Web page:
Bigeye tuna catch and allocation limits recommended for U.S. Pacific Territories
HONOLULU – The Western Pacific Regional Fishery Management Council in Honolulu recommended that the federal catch limits for longline-caught bigeye tuna for the U.S. Territories of American Samoa, Guam and the Commonwealth of the Northern Mariana Islands for fishing year 2020 remain at 2,000 metric tons each, and the allocation limits be up to 1,500 metric tons each with a cap of 3,000 metric tons overall.
Previously, the allocation limits were up to 1,000 metric tons for each territory. The new allocation limits and cap ensure that the potential environmental impact remains the same while allowing the territories more flexibility in their allocation choices.
The council’s recommendation will be reviewed by the Secretary of Commerce for approval.
Because bigeye tuna is a highly migratory species, conservation and management measures for it are developed internationally by the Western and Central Pacific Fisheries Commission and, in the Eastern Pacific Ocean (EPO), by the Inter-American Tropical Tuna Commission.
The WCPFC has set longline-caught quotas for six countries, with the U.S. quota being the smallest at 3,554 metric tons.
By comparison, Japan’s quota in the Western and Central Pacific Ocean is 17,765 metric tons, of which 500 metric tons is transferred to China. In the EPO, Japan transfers an additional 6,000 metric tons of longline-caught bigeye tuna quota to China and 2,000 metric tons to Korea.
The WCPFC did not set longline-caught bigeye tuna quotas for small island developing states and Participating Territories, including the U.S. Pacific Territories, in recognition of their aspirations to develop their fisheries.
The U.S. Territorial quotas are a federal initiative, recommended by the council. Under U.S. law and as recognized by the WCPFC, the U.S. Participating Territories can allocate a portion of their federal longline-caught bigeye tuna catch limit with permitted U.S. vessels based in Hawaii through specified fishing agreements.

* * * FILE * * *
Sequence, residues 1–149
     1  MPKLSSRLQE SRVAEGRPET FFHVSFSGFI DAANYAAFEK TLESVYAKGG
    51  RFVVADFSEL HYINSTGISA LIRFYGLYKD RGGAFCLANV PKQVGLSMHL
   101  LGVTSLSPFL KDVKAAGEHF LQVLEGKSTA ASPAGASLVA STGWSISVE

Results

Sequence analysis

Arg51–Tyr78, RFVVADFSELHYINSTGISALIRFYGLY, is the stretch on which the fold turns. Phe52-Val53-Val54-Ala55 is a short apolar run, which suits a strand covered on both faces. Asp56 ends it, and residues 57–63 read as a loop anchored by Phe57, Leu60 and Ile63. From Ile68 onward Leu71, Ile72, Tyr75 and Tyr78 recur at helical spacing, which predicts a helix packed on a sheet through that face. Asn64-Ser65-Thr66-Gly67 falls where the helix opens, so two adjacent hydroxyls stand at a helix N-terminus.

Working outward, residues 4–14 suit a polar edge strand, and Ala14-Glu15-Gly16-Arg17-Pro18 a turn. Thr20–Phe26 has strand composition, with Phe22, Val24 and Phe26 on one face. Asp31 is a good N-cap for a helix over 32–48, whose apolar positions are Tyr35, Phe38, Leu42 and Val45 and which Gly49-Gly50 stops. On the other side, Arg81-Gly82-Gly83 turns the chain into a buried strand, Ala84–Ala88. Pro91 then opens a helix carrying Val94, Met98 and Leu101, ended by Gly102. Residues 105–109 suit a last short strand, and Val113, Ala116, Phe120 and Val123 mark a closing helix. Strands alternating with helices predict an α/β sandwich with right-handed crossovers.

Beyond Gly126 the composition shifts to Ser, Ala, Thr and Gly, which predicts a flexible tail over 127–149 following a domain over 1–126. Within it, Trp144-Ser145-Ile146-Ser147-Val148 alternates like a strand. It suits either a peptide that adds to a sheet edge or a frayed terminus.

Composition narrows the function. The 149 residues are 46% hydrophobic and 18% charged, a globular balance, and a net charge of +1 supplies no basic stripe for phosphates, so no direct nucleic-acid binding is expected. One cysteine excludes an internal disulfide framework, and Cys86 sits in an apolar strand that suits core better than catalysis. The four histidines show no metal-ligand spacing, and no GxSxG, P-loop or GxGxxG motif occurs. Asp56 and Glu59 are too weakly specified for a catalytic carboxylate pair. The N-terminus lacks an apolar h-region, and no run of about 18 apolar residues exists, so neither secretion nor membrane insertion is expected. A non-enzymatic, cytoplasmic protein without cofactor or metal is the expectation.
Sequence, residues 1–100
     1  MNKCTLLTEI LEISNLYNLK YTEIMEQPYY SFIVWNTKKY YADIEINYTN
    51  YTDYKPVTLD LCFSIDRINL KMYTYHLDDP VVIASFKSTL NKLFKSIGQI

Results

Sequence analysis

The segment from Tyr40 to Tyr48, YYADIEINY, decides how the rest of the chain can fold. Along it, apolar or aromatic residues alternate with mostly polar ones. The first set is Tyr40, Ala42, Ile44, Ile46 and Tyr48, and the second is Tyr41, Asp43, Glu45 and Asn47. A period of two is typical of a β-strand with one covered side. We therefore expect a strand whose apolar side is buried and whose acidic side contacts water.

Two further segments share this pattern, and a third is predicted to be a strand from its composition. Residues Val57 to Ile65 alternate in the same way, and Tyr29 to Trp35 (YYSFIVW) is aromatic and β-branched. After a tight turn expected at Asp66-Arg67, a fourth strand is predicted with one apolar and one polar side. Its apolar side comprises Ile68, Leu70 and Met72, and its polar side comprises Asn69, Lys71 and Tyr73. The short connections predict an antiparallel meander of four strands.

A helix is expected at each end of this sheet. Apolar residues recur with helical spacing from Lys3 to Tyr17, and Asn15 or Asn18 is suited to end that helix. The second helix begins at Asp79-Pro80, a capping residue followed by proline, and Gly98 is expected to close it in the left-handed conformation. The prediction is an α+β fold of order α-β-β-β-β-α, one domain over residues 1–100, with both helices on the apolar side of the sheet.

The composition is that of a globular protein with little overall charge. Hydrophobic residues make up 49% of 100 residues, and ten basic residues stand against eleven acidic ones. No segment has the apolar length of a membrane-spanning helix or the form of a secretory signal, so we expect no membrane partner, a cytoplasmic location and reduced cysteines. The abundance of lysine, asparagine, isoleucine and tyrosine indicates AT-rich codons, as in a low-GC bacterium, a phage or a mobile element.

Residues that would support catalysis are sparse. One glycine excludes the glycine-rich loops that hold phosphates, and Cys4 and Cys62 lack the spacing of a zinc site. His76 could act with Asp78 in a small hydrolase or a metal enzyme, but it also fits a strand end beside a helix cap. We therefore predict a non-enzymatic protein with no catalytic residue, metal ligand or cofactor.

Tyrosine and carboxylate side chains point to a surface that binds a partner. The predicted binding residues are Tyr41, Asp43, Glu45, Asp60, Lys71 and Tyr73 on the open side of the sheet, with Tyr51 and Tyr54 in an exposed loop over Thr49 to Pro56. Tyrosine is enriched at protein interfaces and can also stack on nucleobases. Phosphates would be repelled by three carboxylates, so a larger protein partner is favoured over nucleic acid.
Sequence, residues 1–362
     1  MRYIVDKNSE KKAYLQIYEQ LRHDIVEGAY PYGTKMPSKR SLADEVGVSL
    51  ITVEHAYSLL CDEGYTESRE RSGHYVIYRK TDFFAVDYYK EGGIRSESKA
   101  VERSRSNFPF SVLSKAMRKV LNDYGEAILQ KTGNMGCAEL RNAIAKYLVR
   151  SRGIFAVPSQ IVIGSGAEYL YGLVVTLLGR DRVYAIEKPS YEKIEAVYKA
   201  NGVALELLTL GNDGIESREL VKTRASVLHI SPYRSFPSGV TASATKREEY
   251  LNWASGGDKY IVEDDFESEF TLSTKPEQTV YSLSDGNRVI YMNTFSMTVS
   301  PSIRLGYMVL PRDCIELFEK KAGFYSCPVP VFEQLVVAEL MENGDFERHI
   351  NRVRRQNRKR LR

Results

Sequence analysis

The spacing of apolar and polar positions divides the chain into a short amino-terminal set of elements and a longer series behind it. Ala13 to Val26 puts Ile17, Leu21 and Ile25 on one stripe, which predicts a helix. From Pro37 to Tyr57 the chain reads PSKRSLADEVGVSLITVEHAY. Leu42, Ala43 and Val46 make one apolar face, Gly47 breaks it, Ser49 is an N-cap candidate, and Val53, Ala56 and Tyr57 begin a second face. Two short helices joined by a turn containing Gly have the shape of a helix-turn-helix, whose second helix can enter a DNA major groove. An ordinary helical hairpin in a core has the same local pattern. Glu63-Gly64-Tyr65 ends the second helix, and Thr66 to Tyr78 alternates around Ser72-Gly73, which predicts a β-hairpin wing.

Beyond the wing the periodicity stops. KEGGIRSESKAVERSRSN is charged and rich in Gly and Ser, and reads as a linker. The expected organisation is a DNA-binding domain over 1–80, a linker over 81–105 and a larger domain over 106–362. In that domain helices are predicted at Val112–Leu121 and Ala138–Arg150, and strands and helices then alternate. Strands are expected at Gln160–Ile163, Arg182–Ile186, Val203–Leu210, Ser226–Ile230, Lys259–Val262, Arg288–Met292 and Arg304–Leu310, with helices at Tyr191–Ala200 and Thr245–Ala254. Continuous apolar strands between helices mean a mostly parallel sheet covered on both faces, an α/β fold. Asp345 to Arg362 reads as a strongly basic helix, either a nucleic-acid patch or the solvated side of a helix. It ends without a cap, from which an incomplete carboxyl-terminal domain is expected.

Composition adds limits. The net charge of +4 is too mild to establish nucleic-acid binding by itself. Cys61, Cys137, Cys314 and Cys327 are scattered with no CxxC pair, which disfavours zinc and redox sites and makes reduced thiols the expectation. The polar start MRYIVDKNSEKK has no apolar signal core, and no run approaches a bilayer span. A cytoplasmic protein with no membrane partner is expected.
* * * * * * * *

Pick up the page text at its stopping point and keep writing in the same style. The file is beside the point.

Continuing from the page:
These Hawaii-based longline vessels in exchange provide monetary contributions to the Sustainable Fisheries Fund to support the marine conservation plans developed by the governor of each territory. Fishery development projects in these plans that have been funded in the past have included boat ramps, vessel docks, a fishing platform, workshops and training, fish markets and marketing plans, among others.
The council also recommended setting a target implementation date of Jan. 1, 2021, for requiring mandatory electronic reporting (ER) in the Hawaii longline fishery. Final action is scheduled to be taken during the September 2020 council meeting.
The council also requested that the Pacific Islands Fisheries Science Center report on total Hawaii billfish catch per year by species and gear type (longline, troll, etc.), and specify how many of these fish were retained, discarded, released and sold.
Finally, the council directed staff to work with the National Marine Fisheries Service to obtain publicly available reports and other data on sea turtle interaction rates in foreign fisheries operating in the areas overlapping with the loggerhead and leatherback turtle distributions, and to provide a presentation to the council’s Scientific and Statistical Committee at its June 2020 meeting.